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Gross motor skills

Gross motor skills are large movements your child makes with their arms, legs, feet, or entire body. For example; crawling, running and jumping are gross motor skills.

Gross motor skills can be challenging for many children for a number of reasons:

  • Lack of experience or practice.
  • Difficulty using two sides of the body together (bilateral integration).
  • Reduced balance caused by poor core stability
  • Difficulty planning and organising themselves to follow instructions
  • Poor spatial (space) awareness skills

In many cases, supporting a child on a regular basis to practice gross motor activities should encourage their skills to improve.

Games and activities can be introduced to your child at any time throughout the day. Try to create lots of opportunities as this can be very helpful for your child’s gross motor development.

  • Regular practice (five to ten minutes each day) will help your child improve their skills.
  • Encourage your child by providing praise and encouragement for their efforts and success.
  • Start easy and gradually make tasks more difficult for example, if your child is having difficulty with knowing where parts of his/her body are knowing left and right, start by doing activities which focus on body parts. Once this is known, start introducing left and right.
  • Make it fun!

  • Consistency – Practice new tasks in the same place with the same materials each time
  • Repetition – Repeat the same task for several days or even weeks, with each repetition, remain consistent.
  • Demonstration – In group situations, allow your child to watch his/her peers complete a task first. This will provide the child with a visual demonstration and more time to learn how to do the activity
  • Support verbal instructions with visual demonstration
  • Even if you are only extending a task or changing it slightly, assume that the child is learning a whole new task from the beginning.
  • Encourage the child to talk his way through an activity for the first few times, create rhymes, this will help the child develop their planning and doing skills
  • Clear short instructions – Use only one command at a time
  • Go at the child’s pace – If a child is not ready or willing to learn a skill, it will be much harder to teach. Teach one step at a time making sure the child has some success no matter how small
  • Praise all efforts – Often a child will put huge amounts of effort and still not complete a task
  • Successfully - it is important to praise efforts rather than results
  • Try to balance assistance and independence – encourage your child to do as much as they can for themselves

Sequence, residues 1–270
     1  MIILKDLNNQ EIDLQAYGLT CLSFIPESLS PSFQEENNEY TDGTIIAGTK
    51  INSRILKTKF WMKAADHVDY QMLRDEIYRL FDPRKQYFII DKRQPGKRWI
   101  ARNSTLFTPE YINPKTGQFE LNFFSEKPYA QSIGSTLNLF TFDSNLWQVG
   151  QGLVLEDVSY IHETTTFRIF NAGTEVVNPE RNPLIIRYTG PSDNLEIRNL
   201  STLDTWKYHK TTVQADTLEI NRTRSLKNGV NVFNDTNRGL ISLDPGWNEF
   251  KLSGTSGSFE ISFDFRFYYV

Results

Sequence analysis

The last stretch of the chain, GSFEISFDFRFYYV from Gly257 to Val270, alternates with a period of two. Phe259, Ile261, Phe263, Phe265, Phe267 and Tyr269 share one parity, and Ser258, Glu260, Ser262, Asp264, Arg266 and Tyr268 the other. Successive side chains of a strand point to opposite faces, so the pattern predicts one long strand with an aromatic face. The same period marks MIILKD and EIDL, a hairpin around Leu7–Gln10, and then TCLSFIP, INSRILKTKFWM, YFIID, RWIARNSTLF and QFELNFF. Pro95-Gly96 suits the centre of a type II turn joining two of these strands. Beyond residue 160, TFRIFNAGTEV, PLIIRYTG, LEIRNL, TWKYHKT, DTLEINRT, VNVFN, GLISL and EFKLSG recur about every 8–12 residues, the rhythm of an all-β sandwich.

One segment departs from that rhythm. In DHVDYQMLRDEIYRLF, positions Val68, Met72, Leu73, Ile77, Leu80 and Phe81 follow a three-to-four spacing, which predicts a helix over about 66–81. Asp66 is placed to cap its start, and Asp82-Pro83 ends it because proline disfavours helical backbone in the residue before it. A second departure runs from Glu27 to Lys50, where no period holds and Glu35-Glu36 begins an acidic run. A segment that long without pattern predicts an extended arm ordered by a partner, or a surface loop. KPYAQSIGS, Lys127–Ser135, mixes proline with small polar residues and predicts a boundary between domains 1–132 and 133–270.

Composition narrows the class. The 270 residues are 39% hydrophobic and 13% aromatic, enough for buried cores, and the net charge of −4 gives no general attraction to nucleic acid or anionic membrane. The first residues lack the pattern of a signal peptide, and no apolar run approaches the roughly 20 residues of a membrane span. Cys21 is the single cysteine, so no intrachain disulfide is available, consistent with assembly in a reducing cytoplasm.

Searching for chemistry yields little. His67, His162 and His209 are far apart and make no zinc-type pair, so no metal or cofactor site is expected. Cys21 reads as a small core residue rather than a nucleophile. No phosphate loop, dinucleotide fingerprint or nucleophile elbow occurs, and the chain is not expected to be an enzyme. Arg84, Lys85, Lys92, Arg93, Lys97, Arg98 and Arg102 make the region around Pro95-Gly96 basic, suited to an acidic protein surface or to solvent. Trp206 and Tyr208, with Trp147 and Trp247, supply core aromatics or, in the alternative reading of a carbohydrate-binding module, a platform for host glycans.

• Provide opportunities for activities that are matched to the child’s needs and abilities
  • Consider activities that are not competitive, self-paced, and group-optional, as these can help boost self-confidence - some children do better learning new skills individually or in small groups

Gross motor skills are large movements your child makes with their arms, legs, feet, or entire body. For example; crawling, running and jumping are gross motor skills.

Bilateral integration is using both sides of the body together. It is an important foundation for the development and co-ordination between right and left sides of the body and effective two-handed coordination. Tasks that the child may find challenging include cutlery, tying shoelaces, completing buttons or zips.

Here are some activities that can be done during play and home activities that help to develop bilateral skills:

  • Washing the dishes: Start off with practising on the pots, make sure the pots are on one side of the sink and that when you wash them you use one hand to scrub the pot and one to hold it. Finish by lifting with both hands and putting on the drainer so you can dry them
  • Dusting and wiping: This is best done on a large surface like a table or wardrobe or doors. Using a cloth in both hands wipe the surface trying to reach as far as you can and stretch as far as you can with both hands particularly moving from side to side. Keep your feet in the same place on the floor and just use your arms. Go upward, downward and side to side
  • Rolling out play dough: Sit or stand to do this activity. Use both hands to roll the dough flat. You could put the cutters into the dough and use the rolling pin to push the cutter into the play dough. Remember to use your full reach
  • Pillow fights: Remember to hold the pillow with two hands, this activity naturally encourages movement of the arms across the body to reach your opponent
  • Raking in the leaves garden: Rake the leaves up around you using both hands. Try and stand in the one place and make a big pile of leaves
  • Play ‘Simon Says’: Imitating postures that emphasise crossing midline, diagonal, and alternating motor movements

For more help 

If you’re seriously concerned about your child’s movement, talk to your health visitor or GP.